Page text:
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Most vexing parse: why doesn't A a(()); work?

I have two classes in file1.h:

class ZoneRecord {
public:
    //a lof of stuff here
};

class RegisterRecord {
public:
RegisterRecord(ZoneRecord rec); //this function register object rec in a fabric
};

And file2.cpp has:

#include "file1.h"
class MockZoneRecord: public ZoneRecord {
public:
MockZoneRecord(): ZoneRecord() {}
};

RegisterRecord mockrecord_register(MockZoneRecord());

This code compiles perfectly, except one thing. It says that mockrecord_register is a declaration of a function. But I actually wanted to create an global object of type RegisterRecord with name mockrecord_register. How to explicitly tell to compiler that this is not a function prototype, but an object?

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marked as duplicate by In silico, arrowdodger, Zeta, Sergey K., Kerrek SB Aug 1 '12 at 9:47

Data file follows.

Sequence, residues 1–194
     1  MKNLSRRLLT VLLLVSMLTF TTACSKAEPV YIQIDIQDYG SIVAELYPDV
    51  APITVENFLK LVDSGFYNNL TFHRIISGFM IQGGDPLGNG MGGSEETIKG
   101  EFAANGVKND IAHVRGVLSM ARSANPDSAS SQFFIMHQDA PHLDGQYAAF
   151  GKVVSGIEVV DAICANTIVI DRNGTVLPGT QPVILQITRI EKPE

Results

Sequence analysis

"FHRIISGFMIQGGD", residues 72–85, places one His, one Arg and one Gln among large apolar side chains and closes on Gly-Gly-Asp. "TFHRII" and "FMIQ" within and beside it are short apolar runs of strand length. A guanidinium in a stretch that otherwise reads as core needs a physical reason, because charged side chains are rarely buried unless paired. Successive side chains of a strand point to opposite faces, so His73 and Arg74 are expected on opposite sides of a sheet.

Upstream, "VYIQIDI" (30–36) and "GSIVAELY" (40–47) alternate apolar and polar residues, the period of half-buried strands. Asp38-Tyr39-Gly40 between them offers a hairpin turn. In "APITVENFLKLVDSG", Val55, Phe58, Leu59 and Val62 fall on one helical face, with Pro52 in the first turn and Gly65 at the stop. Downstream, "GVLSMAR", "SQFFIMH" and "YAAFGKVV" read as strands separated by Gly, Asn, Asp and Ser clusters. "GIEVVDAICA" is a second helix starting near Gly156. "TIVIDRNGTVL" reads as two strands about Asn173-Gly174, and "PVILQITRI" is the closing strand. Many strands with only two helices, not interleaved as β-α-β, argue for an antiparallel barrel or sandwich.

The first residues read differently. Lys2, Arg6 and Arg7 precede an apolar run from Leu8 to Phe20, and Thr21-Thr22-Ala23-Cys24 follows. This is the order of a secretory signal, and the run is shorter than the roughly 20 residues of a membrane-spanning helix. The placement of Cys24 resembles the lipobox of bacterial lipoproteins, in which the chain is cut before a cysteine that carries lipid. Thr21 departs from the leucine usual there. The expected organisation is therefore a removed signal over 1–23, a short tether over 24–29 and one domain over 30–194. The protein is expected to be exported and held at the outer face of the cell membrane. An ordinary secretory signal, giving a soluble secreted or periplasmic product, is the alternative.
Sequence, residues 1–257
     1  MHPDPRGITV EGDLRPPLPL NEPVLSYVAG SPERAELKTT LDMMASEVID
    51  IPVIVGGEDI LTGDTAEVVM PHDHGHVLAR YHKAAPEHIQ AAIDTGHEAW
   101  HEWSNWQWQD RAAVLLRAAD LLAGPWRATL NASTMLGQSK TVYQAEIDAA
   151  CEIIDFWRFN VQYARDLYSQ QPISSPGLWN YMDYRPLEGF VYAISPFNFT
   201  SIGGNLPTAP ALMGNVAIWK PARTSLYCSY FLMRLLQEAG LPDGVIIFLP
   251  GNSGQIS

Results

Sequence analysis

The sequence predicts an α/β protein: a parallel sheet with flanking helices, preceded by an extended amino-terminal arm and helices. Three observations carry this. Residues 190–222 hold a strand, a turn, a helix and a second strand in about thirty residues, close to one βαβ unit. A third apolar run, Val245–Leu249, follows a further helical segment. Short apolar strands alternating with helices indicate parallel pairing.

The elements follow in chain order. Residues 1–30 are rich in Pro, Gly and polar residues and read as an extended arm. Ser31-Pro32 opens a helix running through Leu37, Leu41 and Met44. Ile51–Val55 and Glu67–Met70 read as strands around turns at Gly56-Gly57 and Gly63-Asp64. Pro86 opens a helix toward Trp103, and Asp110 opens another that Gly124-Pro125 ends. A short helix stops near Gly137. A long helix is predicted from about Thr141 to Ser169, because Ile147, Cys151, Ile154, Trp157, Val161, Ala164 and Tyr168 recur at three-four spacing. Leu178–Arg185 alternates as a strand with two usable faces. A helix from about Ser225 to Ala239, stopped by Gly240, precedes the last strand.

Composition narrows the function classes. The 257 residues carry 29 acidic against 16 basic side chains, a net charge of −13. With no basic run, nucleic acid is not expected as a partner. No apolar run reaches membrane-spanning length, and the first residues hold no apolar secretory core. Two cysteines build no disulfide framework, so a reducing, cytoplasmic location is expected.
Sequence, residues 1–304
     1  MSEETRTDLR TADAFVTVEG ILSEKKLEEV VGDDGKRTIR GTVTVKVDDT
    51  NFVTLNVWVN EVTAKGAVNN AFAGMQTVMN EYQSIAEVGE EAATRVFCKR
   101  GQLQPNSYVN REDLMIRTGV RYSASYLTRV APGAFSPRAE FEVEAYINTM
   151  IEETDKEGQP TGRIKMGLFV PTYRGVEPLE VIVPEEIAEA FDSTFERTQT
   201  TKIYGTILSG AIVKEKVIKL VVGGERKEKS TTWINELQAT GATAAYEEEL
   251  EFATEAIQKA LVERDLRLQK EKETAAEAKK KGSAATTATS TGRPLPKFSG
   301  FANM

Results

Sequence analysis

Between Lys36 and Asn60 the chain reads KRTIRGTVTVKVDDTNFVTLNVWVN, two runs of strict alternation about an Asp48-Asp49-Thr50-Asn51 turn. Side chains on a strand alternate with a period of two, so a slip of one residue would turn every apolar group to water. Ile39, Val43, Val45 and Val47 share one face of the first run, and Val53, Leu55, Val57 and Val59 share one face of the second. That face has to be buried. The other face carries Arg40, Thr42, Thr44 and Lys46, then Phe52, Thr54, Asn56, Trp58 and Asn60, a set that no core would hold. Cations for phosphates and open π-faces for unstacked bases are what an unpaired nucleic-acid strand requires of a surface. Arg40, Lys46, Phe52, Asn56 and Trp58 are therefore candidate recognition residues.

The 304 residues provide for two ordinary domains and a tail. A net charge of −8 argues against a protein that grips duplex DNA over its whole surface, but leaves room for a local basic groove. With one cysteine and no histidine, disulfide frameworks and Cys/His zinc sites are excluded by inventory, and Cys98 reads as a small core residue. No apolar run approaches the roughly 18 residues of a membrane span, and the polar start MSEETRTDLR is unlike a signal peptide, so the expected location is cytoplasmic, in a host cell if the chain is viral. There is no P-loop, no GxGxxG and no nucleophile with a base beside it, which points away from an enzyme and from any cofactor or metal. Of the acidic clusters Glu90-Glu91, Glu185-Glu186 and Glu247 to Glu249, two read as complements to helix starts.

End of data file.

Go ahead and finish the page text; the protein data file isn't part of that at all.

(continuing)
This question has been asked before and already has an answer. If those answers do not fully address your question, please ask a new question.

    
just out of fun, do u get this warning if u declared this object inside a main()? –  Moataz Elmasry Aug 1 '12 at 9:40
    
Wrap the argument in (): mockrecord_register((MockZoneRecord())); –  hmjd Aug 1 '12 at 9:40

2 Answers 2

up vote 4 down vote accepted

You are experiencing the most vexing parse.

One way to solve this is to use copying, like

RegisterRecord mockrecord_register = RegisterRecord(MockZoneRecord());

Another is the use of parenthesis like in the answer by yuri kilochek.

If your compiler is C++11 compatible, you could use this construct:

RegisterRecord mockrecord_register{MockZoneRecord()};
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Place parenthesis around argument:

RegisterRecord mockrecord_register((MockZoneRecord()));
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